Judge Posner’S 'Practical' Theory Of Standing: Closer To Justice Breyer’S Approach To Standing Than Justice Scalia’S, Bradford Mank Jan 2012

Judge Posner’S 'Practical' Theory Of Standing: Closer To Justice Breyer’S Approach To Standing Than Justice Scalia’S, Bradford Mank

Faculty Articles and Other Publications

In American Bottom Conservancy v. U.S. Army Corps of Engineers, Judge Richard Posner of the Seventh Circuit questioned three different grounds articulated by the U.S. Supreme Court for the constitutional doctrine of standing in federal courts and instead argued that the “solidest grounds” for the doctrine of standing are “practical.” In part because of his self-described “pragmatic” approach to legal reasoning, Judge Posner’s maverick views may have led Republican presidents to pass him over for being nominated to the Supreme Court in favor of less brilliant but more predictable conservative judges. Judge Posner’s pragmatic or practical approach to standing …


Article Iii Judicial Power And The Federal Arbitration Act, Roger J. Perlstadt Jan 2012

Article Iii Judicial Power And The Federal Arbitration Act, Roger J. Perlstadt

American University Law Review

No abstract provided.


Kiobel, Subject Matter Jurisdiction, And The Alien Tort Statute, Bradford R. Clark Jan 2012

Kiobel, Subject Matter Jurisdiction, And The Alien Tort Statute, Bradford R. Clark

GW Law Faculty Publications & Other Works

The Supreme Court is currently reviewing the Second Circuit’s decision in Kiobel v. Royal Dutch Petroleum, a case holding that federal courts lack jurisdiction under the Alien Tort Statute (“ATS”) over claims against corporations. Although the parties have focused on issues of corporate liability under the ATS, there is a logically antecedent question of subject matter jurisdiction that the Court should decide before considering corporate liability. All of the parties in Kiobel — whether corporate or individual — are aliens. Understood in its full legal and historical context, the ATS was a jurisdictional statute that did not apply to suits …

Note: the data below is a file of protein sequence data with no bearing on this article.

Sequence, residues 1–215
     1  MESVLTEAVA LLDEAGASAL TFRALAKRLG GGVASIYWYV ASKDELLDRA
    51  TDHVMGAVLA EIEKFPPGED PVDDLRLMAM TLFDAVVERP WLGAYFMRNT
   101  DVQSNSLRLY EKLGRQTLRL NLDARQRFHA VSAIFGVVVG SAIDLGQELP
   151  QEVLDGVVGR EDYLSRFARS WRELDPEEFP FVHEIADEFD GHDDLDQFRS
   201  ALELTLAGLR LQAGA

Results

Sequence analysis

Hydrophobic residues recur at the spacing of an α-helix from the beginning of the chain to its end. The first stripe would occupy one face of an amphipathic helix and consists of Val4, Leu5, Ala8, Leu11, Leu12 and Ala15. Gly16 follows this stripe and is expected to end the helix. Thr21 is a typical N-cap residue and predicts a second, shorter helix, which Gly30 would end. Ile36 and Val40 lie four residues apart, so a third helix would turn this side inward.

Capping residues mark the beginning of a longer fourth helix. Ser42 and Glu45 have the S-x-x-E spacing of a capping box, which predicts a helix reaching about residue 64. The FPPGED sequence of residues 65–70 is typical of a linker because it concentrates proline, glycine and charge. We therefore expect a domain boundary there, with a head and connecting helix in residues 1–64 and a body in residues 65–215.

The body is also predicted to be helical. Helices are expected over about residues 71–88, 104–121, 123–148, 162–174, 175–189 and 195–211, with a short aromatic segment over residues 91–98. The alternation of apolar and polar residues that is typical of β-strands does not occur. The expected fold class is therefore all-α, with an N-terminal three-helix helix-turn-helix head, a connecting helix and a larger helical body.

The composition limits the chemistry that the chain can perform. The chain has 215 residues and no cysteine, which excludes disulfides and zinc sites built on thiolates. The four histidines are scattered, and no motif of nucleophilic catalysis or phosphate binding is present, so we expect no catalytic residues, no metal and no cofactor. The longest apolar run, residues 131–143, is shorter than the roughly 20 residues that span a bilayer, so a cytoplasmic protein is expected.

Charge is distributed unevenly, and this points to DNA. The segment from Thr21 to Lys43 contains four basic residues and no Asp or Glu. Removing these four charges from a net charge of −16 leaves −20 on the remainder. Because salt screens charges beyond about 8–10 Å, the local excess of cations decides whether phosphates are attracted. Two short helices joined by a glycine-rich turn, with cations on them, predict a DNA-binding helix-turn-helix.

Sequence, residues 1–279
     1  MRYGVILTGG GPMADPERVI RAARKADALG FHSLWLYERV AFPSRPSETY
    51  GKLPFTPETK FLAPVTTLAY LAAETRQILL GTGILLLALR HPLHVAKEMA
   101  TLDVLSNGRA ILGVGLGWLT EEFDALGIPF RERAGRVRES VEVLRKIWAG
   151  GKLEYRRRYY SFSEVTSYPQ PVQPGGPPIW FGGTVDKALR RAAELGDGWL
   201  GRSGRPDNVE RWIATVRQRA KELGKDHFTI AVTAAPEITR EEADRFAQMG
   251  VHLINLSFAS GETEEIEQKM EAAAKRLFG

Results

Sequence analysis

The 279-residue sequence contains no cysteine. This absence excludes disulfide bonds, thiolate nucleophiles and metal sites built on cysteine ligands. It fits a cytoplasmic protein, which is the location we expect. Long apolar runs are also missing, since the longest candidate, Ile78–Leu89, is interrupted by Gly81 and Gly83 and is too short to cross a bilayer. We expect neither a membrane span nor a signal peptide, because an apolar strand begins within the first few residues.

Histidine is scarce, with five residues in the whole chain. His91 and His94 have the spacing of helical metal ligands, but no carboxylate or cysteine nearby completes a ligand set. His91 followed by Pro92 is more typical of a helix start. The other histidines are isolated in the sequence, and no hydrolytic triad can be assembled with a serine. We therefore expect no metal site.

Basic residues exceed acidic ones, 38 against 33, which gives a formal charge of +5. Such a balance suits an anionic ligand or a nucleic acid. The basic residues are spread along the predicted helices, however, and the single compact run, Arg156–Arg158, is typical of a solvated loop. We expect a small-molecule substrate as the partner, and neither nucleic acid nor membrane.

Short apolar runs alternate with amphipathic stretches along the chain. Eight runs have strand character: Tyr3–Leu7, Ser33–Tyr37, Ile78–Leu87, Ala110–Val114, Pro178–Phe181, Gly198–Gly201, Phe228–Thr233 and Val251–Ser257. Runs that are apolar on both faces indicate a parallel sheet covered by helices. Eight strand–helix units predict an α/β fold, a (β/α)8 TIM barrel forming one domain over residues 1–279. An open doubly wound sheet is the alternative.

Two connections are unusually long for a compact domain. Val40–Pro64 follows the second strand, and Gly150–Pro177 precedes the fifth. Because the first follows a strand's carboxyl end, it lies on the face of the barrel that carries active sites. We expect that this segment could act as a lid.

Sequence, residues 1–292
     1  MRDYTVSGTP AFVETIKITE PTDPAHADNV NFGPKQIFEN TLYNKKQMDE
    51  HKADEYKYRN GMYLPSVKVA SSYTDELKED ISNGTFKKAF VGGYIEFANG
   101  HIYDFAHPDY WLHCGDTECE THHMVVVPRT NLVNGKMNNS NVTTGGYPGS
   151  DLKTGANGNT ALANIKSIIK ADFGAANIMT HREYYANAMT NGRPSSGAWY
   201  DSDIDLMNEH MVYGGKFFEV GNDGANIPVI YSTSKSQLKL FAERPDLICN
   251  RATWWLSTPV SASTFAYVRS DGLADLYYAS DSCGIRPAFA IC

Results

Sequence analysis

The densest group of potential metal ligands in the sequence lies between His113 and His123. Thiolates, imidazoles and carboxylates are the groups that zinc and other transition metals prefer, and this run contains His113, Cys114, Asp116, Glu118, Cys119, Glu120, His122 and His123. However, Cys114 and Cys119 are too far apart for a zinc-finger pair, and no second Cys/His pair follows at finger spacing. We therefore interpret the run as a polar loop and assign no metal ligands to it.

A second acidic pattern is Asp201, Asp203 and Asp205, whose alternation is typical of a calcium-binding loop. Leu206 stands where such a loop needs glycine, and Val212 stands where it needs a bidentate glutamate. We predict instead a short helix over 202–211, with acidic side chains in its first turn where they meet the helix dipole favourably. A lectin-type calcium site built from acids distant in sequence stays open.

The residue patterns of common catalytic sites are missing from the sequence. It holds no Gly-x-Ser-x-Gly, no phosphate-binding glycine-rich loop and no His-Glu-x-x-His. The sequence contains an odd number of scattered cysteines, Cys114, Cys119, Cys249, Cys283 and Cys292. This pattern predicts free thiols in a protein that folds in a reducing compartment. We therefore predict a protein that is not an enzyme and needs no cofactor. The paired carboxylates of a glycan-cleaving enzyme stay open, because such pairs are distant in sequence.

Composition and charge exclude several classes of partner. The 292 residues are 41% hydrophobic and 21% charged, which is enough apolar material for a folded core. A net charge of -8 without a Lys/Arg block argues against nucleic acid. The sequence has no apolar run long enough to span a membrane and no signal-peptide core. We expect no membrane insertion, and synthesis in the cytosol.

The Law Of Nations As Constitutional Law, Anthony J. Bellia, Bradford R. Clark Jan 2012

The Law Of Nations As Constitutional Law, Anthony J. Bellia, Bradford R. Clark

Journal Articles

Courts and scholars continue to debate the status of customary international law in U.S. courts, but have paid insufficient attention to the role that such law plays in interpreting and upholding several specific provisions of the Constitution. The modern position argues that courts should treat customary international law as federal common law. The revisionist position contends that customary international law applies only to the extent that positive federal or state law has adopted it. Neither approach adequately takes account of the Constitution’s allocation of powers to the federal political branches in Articles I and II or the effect of these …


The Law Of Nations As Constitutional Law, Bradford R. Clark, Anthony J. Bellia Jr. Jan 2012

The Law Of Nations As Constitutional Law, Bradford R. Clark, Anthony J. Bellia Jr.

GW Law Faculty Publications & Other Works

Courts and scholars continue to debate the status of customary international law in U.S. courts, but have paid insufficient attention to the role that such law plays in interpreting and upholding several specific provisions of the Constitution. The modern position argues that courts should treat customary international law as federal common law. The revisionist position contends that customary international law applies only to the extent that positive federal or state law has adopted it. Neither approach adequately takes account of the Constitution’s allocation of powers to the federal political branches in Articles I and II or the effect of these …


Alien Tort Claims And The Status Of Customary International Law, Carlos Manuel Vázquez Jan 2012

Alien Tort Claims And The Status Of Customary International Law, Carlos Manuel Vázquez

Georgetown Law Faculty Publications and Other Works

Much of the recent debate about the status of customary international law in the U.S. legal system has revolved around the alien tort provision of the Judiciary Act of 1789, currently section 1350 of Title 28. In Filártiga v. Peńa-Irala, the decision that launched modern human rights litigation in the United States, the Court of Appeals for the Second Circuit relied on the view that customary international law has the status of federal common law in upholding section 1350’s grant of federal jurisdiction over a suit between aliens. The court’s position that customary international law was federal law was …


Advisory Adjudication, Girardeau A. Spann Jan 2012

Advisory Adjudication, Girardeau A. Spann

Georgetown Law Faculty Publications and Other Works

The Supreme Court decision in Camreta v. Greene is revealing. The Court first issues an opinion authorizing appeals by prevailing parties in qualified immunity cases, even though doing so entails the issuance of an advisory opinion that is not necessary to resolution of the dispute between the parties. And the Court then declines to reach the merits of the underlying constitutional claim in the case, because doing so would entail the issuance of an advisory opinion that was not necessary to the resolution of the dispute between the parties. The Court's decision, therefore, has the paradoxical effect of both honoring …